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Leyland Smash! Now Tigers Bash?

I hadn't previously endorsed the belief that Jim Leyland needed to throw a chair-tossing, expletive-laced, stub-out-his-cigarette-on-someone's-arm tantrum at his team for the way they've played the past two weeks. If not employed at the right time or if used too often, a manager risks looking contrived and phony to his players, which is a sure way to lose them. Besides, the Detroit Tigers are largely a veteran ballclub, made up of professionals who presumably know how to do their job. And I think Leyland trusted that, especially with the season at such an early stage.

However, I do think he's been perhaps too passive in tolerating the lethargic behavior and mental mistakes that this team has committed over these first 12 games. And it's not what we've seen from Leyland before. How many times over the past two seasons have we seen him go out to the mound and strongly emphasize to his pitchers that they're not doing their job? Maybe it's because he wants to see what some of these guys - especially his relievers - are made of. Yet rather than try to control situations before they get out of hand, Leyland has let his pitchers throw the ball all around the plate, put runners on base, and let small fires become game-crushing explosions. As a result, they could lose confidence in themselves and from their teammates.

As miggy4mvp said in his FanPost, when does Leyland demand some accountability from his players? When does he fill the leadership role that his team is lacking?

Last week, I was listening to The Tony Kornheiser Show on podcast, and he and David Aldridge were talking about the playoff-bound Washington Capitals and their coach, Bruce Boudreau. Kornheiser mostly chuckled about Boudreau's schlubby appearance, one that doesn't quite profile as tough motivator and leader of men, but also expressed his surprise and admiration at the Caps taking a chance on a guy who was a career minor leaguer. Aldridge countered that the only thing that a coach can ultimately be judged by is whether or not his players play hard for him.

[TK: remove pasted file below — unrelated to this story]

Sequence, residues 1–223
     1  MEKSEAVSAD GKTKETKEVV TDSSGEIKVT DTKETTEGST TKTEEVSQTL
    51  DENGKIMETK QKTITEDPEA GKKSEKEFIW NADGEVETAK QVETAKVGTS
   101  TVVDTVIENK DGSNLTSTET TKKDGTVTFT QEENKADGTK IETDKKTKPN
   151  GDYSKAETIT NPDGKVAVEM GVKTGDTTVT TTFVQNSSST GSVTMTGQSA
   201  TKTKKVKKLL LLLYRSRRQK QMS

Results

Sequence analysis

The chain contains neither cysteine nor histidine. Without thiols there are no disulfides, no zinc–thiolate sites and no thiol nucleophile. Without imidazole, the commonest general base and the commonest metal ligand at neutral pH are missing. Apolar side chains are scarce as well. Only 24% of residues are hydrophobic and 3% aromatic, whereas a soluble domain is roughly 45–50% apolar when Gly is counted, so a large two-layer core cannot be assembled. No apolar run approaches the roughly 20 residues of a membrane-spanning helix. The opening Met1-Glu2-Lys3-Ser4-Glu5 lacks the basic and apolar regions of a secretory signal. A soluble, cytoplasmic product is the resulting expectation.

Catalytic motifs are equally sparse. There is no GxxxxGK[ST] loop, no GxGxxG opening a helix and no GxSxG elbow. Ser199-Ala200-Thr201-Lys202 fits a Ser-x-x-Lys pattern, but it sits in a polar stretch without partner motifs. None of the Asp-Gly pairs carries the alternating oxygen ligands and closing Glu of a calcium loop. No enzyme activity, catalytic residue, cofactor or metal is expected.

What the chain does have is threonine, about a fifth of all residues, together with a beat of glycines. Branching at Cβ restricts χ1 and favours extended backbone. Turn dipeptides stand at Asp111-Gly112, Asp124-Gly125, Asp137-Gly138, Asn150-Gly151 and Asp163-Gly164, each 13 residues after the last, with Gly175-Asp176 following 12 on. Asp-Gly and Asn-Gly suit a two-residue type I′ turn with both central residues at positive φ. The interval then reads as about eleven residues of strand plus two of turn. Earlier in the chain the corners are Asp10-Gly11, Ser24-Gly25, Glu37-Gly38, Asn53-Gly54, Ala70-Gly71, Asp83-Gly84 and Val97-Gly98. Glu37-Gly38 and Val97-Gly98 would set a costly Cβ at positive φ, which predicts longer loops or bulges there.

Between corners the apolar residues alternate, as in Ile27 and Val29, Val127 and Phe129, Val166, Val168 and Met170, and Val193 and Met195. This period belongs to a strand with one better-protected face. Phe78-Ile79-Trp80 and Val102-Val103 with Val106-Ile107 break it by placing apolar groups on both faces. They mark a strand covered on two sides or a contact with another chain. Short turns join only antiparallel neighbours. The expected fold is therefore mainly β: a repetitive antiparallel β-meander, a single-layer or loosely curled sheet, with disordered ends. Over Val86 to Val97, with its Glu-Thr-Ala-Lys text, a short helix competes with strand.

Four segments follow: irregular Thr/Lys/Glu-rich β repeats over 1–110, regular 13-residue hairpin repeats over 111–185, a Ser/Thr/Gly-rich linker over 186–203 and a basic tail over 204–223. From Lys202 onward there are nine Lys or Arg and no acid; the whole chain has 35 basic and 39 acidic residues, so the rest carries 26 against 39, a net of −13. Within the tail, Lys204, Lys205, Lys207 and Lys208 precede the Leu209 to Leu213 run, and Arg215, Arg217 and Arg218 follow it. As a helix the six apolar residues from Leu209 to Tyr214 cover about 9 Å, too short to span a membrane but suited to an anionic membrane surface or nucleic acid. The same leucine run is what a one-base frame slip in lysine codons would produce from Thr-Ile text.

Once I heard that, I began to question Leyland for the first time. Does his team play hard for him? Looking at the past 12 games, I don't know how you can give any other answer than "no." I'm certainly not advocating that Leyland needs to be fired, as some fans have in blog comments (though not here, thankfully) and message boards. I think he'd be much more likely to resign before it ever came to that. But I'm not so sure Leyland has been giving his players his best effort, either. Maybe that finally changed yesterday.

Apparently, that 11-0 atomic wedgie the White Sox laid on the Tigers was the breaking point. That was all he could stands, and he can't stands no more! After the game, Leyland lit into his woefully underperforming squad. We don't know what he said to the team, but we know he kept the media out of the clubhouse while he did it, and refused to elaborate on what sort of tirade he might have thrown when asked about it afterwards. And the players took their verbal beating like men.

The question now is whether this accomplishes anything. Even Leyland knows he can stomp and flail and yell all he wants, but it's on the players to start putting in a far greater effort. And therein lies the risk. If the Tigers continue to lollygag, what does he do then? Maybe Leyland should start holding himself accountable.